The number of older adults with complex health needs is outpacing the number of healthcare providers with the knowledge and skills to care for them adequately. In 2011, the 78-million-strong Baby Boom generation starts to turn 65. In 2030, the number of older Americans will nearly double from 12% of the population to almost 20%. About 75% of adults older than age 65 have at least one chronic medical condition, and 20% of current Medicare beneficiaries have five or more chronic conditions. Older adults are more vulnerable to injury and acute illnesses and have a diminished ability to perform daily activities.
These trends all lead to increased use of health services. Predictions loom that the Hospital Insurance Trust Fund, which pays hospitals through Medicare Part A, could be exhausted by 2019. A recent report from the Institute of Medicine (IOM), “Retooling for an Aging America: Building the Health Care Workforce,” boldly states that the nation isn’t prepared to meet the social and healthcare needs of this population.
Key recommendations of the IOM study
The IOM study recommends sweeping reforms, with bold initiatives designed to:
• boost recruitment and retention of all types of geriatric specialists and caregivers
• increase the competence of all geriatric care providers, including family caregivers
• develop innovative, cost-effective models that expand worker’s duties and responsibilities
• devise new payment mechanisms and align financial incentives for providers and teams to deliver care to older adults more effectively
• teach older adults to manage their own health.
Is nursing ready?
For more than a decade, nursing leaders have been building nurses’ capacity not only to care for older adults but also to provide leadership in health-system change. The John A. Hartford Foundation has pledged $67 million toward the “Building Academic Geriatric Nursing
Capacity” program. The American Academy of Nursing (AAN) is playing a key role in this effort to develop geriatric nurse leaders and improve access, quality, and safety of care and to promote wellness among seniors.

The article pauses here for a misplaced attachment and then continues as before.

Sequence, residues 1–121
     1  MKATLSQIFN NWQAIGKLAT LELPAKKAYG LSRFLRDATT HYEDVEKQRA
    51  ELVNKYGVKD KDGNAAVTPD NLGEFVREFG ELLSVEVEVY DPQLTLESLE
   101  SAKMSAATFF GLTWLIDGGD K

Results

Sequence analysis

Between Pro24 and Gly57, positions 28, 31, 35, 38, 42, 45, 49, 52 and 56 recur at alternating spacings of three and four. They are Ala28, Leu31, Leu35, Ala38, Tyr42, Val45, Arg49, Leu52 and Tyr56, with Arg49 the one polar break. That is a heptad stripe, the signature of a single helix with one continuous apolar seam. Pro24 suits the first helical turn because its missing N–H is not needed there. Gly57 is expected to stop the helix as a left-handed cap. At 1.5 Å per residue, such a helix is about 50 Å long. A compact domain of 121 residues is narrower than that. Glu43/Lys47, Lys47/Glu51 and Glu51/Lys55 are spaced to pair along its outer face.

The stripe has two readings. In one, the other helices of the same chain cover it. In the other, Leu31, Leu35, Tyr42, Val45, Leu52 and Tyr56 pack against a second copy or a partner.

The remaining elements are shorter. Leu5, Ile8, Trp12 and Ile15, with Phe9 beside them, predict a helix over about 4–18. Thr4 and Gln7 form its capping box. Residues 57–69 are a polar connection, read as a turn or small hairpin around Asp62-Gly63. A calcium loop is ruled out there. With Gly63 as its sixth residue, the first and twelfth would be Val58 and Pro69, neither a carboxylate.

Nine Hartford Centers of Geriatric Nursing Excellence, located at top universities across the country, have helped prepare more geriatric nurse researchers, educators, and clinicians, who are disseminating and implementing evidence-based geriatric practice. Scholars and fellows funded through these programs are located in 33 states and the District of Columbia. (For more information on this program, visit www.geriatricnursing.org.)
Helping seniors take charge of their health
While the next generation of older adults will be better educated than previous generations, little can compensate for age-related memory loss, visual and hearing impairment, musculoskeletal decline, and decreased mobility. But by learning how to manage their own health, seniors can help maintain active lifestyles and avoid the risks of obesity, depression, and anxiety.
The IOM report calls for increased specialty training in geriatrics for healthcare workers who treat seniors. The report notes the key role that older adults and their friends and family members can play. It advocates that programs be established to help these often unpaid caregivers learn the skills needed to provide care to loved ones and reduce the stress associated with being a caregiver.
To spotlight many of these important issues, The American System for Advancing Senior Health (ASASH) and the University of the Sciences in Philadelphia are hosting the Advancing Senior Health (ASH) Conference. In this pioneering, senior-specific medical/practitioner educational event, healthcare professionals from all disciplines and specialties will learn about innovative assessment and care techniques, collaborate on ways to maximize positive outcomes, and discover strategies for improving the accessibility, quality, and economics of care for our country’s booming senior population. The conference will be held in Philadelphia on October 1 and 2. (Visit www.ash-conference.com/index.html for more information.)
We urgently need to reform our healthcare models and retool the workforce to ensure a reliable system that will meet the Baby Boomers’ demands for years to come. We have a lot of work to do!
Pamela F. Cipriano, PhD, RN, FAAN, CNAA-BC